Spotlight On … the Dublin Dig.

Spotlight On … the Dublin Dig.

Written by Victoria Green.

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In 1968, the National Museum of Ireland continued excavations in Dublin. Ran by Breandán Ó Ríordáin, these digs were carried out in the Old High Street area and down at Wood Quay. The excavations were filmed by RTÉ for a special episode of the television show ‘Anthology’, which can still be watched online. These excavations yielded mainly medieval and viking deposits, ranging from defensive embankments to habitations and, most relevantly, leather.

When I was presented with the big box full of leather soles and offcuts, I didn’t quite know what to make of it. The only information I was given was a label reading ‘Dublin Dig 1968’ and a folder full of correspondence between the founder of our museum, John Waterer, and Breandán Ó Ríordáin. So, in true archaeology-detective style, I set to work. I wanted to know what the leather represented, what the shoes would have looked like, and what social comment they offered on the time.

From reading the letters sent between Waterer and Ó Ríordáin, I learned that our artefacts are from the High Street. They were samples gifted to Waterer for his time and expertise identifying a number of archaeological leather finds, including sheaths, footwear and leather scraps or offcuts. It was clear that Ó Ríordáin considered Waterer to be the authority on all things leather and was keen to hear his thoughts, frequently inviting him over to Ireland to help with the post-excavation analysis. This was an interesting way to learn about a dig, given the elusiveness a formal report, and something that was very new to me. In this way, I was fortunate enough to get to see the excavation through the eyes of the men so closely involved with it. Luckily, I also had the help of John Nicholl, a freelance archaeological leather finds specialist, to help fill in the gaps.

Most of the leather finds were cuttings, likely unwanted scrap from a cobbler’s workshop. Here, old and worn shoes were repaired or reconstructed by recycling old leather, before being resold to the public. Whilst excavating, archaeologists uncovered a layer of industrial leather waste over four feet thick. The sheer volume of leather indicates that there must have been a community of cobblers working in the High Street area for a long period of time.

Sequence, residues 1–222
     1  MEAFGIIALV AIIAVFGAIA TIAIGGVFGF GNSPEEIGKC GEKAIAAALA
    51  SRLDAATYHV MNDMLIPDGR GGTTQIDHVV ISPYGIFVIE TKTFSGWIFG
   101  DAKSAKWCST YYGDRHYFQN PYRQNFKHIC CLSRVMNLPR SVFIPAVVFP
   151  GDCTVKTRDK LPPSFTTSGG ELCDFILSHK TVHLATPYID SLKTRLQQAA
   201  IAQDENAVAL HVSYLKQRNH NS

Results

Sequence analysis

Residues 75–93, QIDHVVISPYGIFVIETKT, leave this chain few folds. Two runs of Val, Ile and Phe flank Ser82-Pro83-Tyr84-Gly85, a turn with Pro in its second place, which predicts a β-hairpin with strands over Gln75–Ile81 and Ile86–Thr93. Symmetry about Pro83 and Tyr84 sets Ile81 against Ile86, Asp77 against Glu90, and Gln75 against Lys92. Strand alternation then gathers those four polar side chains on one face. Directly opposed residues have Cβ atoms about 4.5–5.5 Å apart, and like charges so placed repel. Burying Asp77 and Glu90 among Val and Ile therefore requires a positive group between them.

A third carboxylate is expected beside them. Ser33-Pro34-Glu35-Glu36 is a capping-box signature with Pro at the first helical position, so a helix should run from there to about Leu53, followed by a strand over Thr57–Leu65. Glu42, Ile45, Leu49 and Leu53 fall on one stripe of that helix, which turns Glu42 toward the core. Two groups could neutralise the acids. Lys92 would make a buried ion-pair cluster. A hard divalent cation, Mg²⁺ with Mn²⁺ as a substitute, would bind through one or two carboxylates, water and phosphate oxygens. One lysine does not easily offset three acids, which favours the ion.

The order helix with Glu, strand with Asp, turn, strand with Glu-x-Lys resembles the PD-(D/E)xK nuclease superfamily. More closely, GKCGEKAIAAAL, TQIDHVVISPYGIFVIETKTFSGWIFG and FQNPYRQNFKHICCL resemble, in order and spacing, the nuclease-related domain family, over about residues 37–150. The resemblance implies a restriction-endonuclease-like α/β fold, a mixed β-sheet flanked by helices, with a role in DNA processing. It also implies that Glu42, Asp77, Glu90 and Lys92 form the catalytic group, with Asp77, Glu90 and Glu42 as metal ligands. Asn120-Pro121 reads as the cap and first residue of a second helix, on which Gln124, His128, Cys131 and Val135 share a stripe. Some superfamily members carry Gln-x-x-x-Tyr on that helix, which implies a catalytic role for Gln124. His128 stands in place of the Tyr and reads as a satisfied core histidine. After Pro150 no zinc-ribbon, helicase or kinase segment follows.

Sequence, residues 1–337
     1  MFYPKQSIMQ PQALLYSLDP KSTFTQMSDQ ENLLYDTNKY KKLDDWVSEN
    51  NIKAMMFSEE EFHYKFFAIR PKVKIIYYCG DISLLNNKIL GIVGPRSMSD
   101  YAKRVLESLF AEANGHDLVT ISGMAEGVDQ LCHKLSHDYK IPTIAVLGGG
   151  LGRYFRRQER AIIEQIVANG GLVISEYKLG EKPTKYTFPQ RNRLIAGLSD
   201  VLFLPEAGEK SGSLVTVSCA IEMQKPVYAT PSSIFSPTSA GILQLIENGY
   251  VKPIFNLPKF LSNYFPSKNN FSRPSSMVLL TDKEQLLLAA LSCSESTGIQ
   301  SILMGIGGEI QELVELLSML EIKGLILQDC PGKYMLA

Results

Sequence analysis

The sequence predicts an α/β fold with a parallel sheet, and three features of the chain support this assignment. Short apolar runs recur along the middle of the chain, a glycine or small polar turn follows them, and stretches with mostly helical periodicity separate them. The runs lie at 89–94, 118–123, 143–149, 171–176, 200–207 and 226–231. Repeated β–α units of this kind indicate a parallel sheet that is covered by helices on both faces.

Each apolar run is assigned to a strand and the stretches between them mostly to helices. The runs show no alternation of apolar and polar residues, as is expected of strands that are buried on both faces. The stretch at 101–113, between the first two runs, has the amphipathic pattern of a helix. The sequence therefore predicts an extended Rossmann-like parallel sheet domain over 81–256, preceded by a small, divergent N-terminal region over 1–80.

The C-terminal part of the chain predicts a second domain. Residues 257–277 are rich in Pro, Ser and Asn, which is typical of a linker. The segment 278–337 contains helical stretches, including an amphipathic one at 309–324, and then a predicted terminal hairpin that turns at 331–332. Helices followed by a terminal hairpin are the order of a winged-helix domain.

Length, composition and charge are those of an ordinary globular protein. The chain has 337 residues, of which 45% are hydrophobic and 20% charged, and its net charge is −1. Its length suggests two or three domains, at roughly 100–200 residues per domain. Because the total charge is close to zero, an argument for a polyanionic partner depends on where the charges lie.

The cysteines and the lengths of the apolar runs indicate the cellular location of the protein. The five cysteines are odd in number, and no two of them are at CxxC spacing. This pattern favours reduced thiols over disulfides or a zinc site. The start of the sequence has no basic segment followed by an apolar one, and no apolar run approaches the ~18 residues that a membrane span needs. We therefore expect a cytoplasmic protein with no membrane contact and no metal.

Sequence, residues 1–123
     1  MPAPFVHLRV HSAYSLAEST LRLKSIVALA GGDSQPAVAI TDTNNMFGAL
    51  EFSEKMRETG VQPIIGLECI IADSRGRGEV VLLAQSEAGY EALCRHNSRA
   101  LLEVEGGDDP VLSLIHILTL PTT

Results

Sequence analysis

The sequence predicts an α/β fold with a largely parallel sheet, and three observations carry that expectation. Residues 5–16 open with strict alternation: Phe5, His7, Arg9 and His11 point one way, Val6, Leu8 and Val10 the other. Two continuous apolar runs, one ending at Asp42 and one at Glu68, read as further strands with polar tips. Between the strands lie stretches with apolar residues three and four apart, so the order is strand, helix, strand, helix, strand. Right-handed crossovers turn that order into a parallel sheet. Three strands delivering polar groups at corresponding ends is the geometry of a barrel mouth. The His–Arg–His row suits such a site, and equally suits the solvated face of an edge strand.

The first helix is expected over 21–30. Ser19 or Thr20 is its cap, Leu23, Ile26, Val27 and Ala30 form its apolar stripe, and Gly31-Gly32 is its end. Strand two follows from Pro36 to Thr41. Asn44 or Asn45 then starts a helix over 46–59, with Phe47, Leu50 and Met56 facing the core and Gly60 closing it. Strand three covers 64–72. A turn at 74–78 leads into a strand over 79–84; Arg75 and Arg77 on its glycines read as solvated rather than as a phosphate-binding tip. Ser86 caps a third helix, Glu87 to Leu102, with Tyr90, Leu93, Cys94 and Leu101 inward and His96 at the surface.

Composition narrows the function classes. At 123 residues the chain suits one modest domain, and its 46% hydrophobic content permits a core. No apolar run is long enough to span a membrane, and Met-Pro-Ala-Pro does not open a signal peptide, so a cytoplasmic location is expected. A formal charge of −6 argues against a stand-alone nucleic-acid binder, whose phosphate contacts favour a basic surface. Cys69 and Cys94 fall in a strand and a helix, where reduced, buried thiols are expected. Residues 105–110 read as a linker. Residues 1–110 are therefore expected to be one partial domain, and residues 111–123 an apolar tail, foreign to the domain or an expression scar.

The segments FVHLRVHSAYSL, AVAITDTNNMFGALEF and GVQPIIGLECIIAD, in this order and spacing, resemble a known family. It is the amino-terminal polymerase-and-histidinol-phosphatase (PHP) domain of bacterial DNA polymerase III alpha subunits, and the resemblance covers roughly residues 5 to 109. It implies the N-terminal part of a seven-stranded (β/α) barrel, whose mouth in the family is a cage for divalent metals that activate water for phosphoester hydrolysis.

Some of the offcuts were tightly crimped and oddly sticky, perhaps as the result of a conservation process. The mostly likely explanation for the crimping would be to do with whip-stitching being used in conjunction with a long length of leather thong. Given the evidence to support a community of cobblers and the length of the offcuts, this is the most likely explanation. There is, however, also the suggestion that the crimping may have been a result of the leather being stretched out and attached to a frame. Goatskin was often stretched like this to produce parchment. The proximity of the site to Christchurch Cathedral adds weight to this, as parchment would have definitely been used here. Could the offcuts have been the result of trimming the edges to produce a straight finish?

Next came the 14th Century shoe, which is near enough intact save for the missing back part. It is typical of a 14th Century design and, if you look closely, there is even some stitching still in situ along the sole seam. The shoe does seem to have undergone some modifications; the flesh/edge butt seams at the sides are unusually high and the ‘V’ cut at the instep is large, with what appears to be a single lace hole. John Nicholl made the suggestion that perhaps the shoe was an attempt at an orthopaedic shoe for a deformed foot. The more I examined the shoe, the more I began to agree. There are leather bulges across the toe, matched by impressions on the inside. The wear pattern on the sole certainly suggests pressure on the ball of the foot. Our odd little box of samples had already proved to be a unique selection.

Last came the mystery Roman caliga. This sole had me scratching my head in puzzlement. I was confronted by what was undoubtedly a Roman shoe, in a context where no Roman shoes should have existed. The Romans did not colonise Ireland and there has never been anything like this found in an Irish context. The sole is not unlike those found at Vindolanda and is heavily hobnailed for marching; the caliga was a military shoe. Nails in footwear did not appear in Ireland until the 17th Century, other than single nails being used for attaching clumps in targeted area repairs. This led us towards the unavoidable conclusion that perhaps the sole was a stray, having made its way into the wrong box at some point in the past. Despite the tag tied to the sole which reads ‘Dublin Dig’, it is a good exercise in scepticism to always question the improbable. Nine times out of ten, that is exactly what it is. (I, however, am still open to suggestions!)

Having learned about the more unusual pieces in the box, I am keen to hear John’s thoughts on some of the individual soles, representing poulaines and other medieval footwear. If anyone has any ideas about the Roman caliga, please do get in touch. Stay tuned for another blog on the Dublin Dig artefacts in the next couple of weeks to celebrate that fact that this museum really has got sole!

John Nicholl is a freelance archaeological leather finds specialist, based in Dublin. His website offers commentary on different types of archaeological leather.

This collection is just one example of the countless treasures in the National Leather Collection! To learn more about the collection, visit our homepage. All support is greatly appreciated, so please visit our support page to find out how you can get involved.

We are trying to raise £5,000 on JustGiving to open our museum to the public. To read more about our fundraising campaign, please visit our page here.